The ACARS data sent back to Air France during the last few minutes show that the airspeed sensors mounted on the aircraft were registering as faulty. Following incidents on other Air France A330 and A340 airliners, the company had entered into discussions with Airbus, who had determined that certain sensor designs were prone to becoming clogged with ice or water and recommended that they be replaced as part of scheduled maintenance. Although the aircraft had not received the improved sensors, it had been declared safe to fly, but it is entirely possible that the airspeed sensors had developed a fault. As soon as the computers realised the airspeed readings from the sensors could not be trusted, they switched to Alternate Law, disengaged the autopilot and switched off the automated thrust systems. The computers would continue to keep the aircraft within the flight envelope, but the crew would be in charge of steering and maintaining the correct airspeed. The very last minute of the ACARS data suggests that the problems had continued to spread through the computerised systems responsible for maintaining the aircraft's speed and orientation. The very last message warned that the Airbus had entered a steep descent. Crucially, the data does not suggest that the computers had ever entered Direct Mode or indeed failed all together. The evidence is that the computers were battling to keep the aircraft in the air until disaster was unavoidable - they were working.
Previously, in 2008, an A330 belonging to the Australian operator Qantas experienced an in-flight emergency when one of the computers used to collate sensor data developed a serious fault which resulted in unexpected violent pitching and false stall and overspeed warnings. Fortunately, the computer was deactivated, but not before 115 people on board were injured. Airbus revised their instructions to pilots on how to deal with such an incident which proved useful less than three months later when a second Qantas A330 flying in the same area encountered a similar fault with the same computer in a different aircraft; fortunately, this time, no one was injured. Airbus and the computer's manufacturer are still trying to ascertain the exact cause of the problems but pilots have blamed radio interference from a powerful naval transmitter in Western Australia. Could a similar problem have befallen AF447? It is possible, but Airbus point out that the doomed aircraft used different computer hardware and software from the Qantas jets and it is extremely unlikely a similar bug could exist in both sets of equipment.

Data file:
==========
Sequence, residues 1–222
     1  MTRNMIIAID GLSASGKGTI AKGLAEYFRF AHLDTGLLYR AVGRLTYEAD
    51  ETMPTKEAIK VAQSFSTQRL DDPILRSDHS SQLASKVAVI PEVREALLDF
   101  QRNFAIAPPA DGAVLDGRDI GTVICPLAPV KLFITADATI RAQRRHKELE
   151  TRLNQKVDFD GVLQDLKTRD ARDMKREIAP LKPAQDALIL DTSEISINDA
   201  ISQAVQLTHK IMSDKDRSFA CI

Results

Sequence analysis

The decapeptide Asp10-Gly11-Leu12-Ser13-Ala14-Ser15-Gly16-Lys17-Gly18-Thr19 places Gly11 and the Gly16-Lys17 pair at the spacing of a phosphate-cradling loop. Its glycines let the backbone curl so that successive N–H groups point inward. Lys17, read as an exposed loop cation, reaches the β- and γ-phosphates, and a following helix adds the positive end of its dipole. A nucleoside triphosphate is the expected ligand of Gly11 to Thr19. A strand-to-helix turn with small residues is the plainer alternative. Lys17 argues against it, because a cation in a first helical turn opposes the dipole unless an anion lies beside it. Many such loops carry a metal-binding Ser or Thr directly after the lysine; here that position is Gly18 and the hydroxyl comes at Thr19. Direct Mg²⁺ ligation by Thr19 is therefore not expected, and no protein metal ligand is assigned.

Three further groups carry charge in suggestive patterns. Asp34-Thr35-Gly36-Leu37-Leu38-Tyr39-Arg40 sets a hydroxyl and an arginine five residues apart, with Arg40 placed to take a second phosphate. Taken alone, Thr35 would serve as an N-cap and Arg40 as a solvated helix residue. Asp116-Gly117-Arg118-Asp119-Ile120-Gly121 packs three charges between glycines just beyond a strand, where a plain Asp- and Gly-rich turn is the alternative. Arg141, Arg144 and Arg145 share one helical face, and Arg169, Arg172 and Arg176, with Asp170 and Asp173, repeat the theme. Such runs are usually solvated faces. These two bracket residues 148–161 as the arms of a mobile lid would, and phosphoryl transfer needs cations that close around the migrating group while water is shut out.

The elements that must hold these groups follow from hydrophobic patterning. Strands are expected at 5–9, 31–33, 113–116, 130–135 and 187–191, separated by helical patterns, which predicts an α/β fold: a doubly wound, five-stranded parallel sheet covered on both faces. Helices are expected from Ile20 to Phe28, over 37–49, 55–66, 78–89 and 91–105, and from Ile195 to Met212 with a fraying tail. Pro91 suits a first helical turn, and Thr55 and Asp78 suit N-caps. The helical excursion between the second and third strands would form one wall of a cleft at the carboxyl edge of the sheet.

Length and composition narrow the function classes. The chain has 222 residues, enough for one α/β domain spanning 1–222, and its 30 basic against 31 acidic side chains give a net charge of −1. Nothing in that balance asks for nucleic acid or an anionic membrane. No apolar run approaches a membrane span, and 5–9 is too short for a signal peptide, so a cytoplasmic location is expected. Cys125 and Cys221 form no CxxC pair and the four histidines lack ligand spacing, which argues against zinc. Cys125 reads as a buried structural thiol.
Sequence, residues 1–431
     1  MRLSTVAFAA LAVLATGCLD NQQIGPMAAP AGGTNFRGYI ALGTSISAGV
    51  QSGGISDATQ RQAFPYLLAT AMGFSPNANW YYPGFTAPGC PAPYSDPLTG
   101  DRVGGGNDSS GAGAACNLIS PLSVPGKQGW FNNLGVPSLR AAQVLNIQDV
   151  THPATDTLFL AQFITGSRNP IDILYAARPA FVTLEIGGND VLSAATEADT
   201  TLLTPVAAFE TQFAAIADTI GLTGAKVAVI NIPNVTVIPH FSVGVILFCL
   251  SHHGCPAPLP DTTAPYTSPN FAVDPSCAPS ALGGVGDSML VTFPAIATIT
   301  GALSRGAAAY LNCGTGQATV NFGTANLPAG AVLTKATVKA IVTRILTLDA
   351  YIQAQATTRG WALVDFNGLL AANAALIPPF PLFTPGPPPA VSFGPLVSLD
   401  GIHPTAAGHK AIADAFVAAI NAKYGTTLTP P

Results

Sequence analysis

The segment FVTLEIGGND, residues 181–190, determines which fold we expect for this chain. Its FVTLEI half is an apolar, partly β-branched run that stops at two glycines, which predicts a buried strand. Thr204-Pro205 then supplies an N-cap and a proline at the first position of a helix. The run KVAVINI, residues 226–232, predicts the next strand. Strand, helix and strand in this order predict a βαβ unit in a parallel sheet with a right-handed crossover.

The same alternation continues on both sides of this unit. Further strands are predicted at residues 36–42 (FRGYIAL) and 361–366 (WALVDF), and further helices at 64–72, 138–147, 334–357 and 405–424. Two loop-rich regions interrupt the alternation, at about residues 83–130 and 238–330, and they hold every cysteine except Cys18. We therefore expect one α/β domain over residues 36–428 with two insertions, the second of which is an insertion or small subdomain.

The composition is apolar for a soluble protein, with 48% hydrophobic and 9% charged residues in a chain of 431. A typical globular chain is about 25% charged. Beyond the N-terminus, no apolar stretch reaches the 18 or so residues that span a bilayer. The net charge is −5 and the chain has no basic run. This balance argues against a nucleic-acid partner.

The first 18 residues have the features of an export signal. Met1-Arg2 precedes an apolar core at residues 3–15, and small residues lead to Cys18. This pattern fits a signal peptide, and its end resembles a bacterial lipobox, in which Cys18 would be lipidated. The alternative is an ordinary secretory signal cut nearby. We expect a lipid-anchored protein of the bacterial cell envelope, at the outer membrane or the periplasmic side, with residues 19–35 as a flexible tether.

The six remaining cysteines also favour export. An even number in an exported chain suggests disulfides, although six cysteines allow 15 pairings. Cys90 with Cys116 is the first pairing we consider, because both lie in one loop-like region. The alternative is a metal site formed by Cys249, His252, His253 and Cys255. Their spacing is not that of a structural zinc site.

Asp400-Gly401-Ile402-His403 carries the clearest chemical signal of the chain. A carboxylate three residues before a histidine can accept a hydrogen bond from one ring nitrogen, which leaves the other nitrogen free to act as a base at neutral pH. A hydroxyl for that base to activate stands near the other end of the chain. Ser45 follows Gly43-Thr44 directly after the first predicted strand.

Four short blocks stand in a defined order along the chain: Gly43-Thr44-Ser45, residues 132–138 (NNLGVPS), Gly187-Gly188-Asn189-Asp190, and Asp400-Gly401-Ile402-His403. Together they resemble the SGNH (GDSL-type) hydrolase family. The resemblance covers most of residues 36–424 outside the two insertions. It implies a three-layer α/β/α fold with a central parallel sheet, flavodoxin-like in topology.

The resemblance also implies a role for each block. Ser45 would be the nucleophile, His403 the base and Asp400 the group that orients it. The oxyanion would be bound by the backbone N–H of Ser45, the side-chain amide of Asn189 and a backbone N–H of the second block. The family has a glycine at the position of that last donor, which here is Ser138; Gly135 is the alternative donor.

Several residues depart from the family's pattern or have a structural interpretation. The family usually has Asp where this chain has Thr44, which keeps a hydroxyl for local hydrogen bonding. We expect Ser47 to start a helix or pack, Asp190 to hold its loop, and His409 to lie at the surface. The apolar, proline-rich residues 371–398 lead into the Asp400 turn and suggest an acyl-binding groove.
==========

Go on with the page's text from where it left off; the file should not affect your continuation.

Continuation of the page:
It is not impossible, but increasingly unlikely, that AF447's flight recorders will be recovered from the floor of the Atlantic Ocean. If they are found, air accident investigators will be able to examine the operation of the airliner's computers and sensors on a second-by-second basis and listen to the words of the flight crew. If they are not located, then we might never know precisely what happened on the flight. Instead, Airbus and the French authorities will have to make a reasoned judgement on what might have occurred and make recommendations to avoid their recurrence. Even before any report, Air France has replaced all of the airspeed sensors on its A330 and A340 aircraft.
The most likely explanation for the loss of AF447 lies with the failure of those airspeed sensors. If an airliner loses too much airspeed it loses the lift necessary to keep it in the air; it is said to have entered an aerodynamic stall. Stalling can also be brought about by sudden rises in the temperature of the air and by banking the wings. Pilots are trained both to recognise the potential for stalls and to recover from, them. But perhaps the crew of AF447 were overwhelmed by a series of events that began with what should have been a routine sensor failure. As they responded to the imposition of Alternate Law and their new responsibilities for maintaining the aircraft's speed, they would also have been quieting the various alerts appearing on their screens and fighting the storm. This would not have been the first time humans were unable to keep up with a computer in an emergency; the operators of the Three Mile Island nuclear power station in the United States were overwhelmed by so many alarms that they failed to identify a relatively minor problem that could have been easily fixed before it became a near disaster. Even now, Airbus will be examining how air crew are alerted to problems and determining if these might make circumstances worse rather than better.
...flying is still statistically safer than the drive to the airport.
Although much ink and vitriol has been spilled by supporters and detractors of Airbus' highly automated airliners; the accident records for aircraft with flight envelope protection are quite clear. Whilst highly automated aircraft show improved performance and reliability and economics, they are neither more nor less likely to be involved in an accident. So perhaps it is the economic benefits that drive this technology. Even Boeing, so long a sceptic over fly-by-wire and envelope protection, is adopting it for the Boeing 777 and 787 Dreamliner airliners.
The statistics are also clear; modern aircraft are much safer than those of previous generations and flying is still statistically safer than the drive to the airport.
Find out more
Airbus A330 flying overhead by Abdallahh - Attribution
Interior of Airbus A340 cockpit by Storm Crypt - Attribution/Non-Commercial/No Derivative Works
Wheels of Boeing777 by Diorama Sky - Attribution/Non-Commercial/No Derivative Works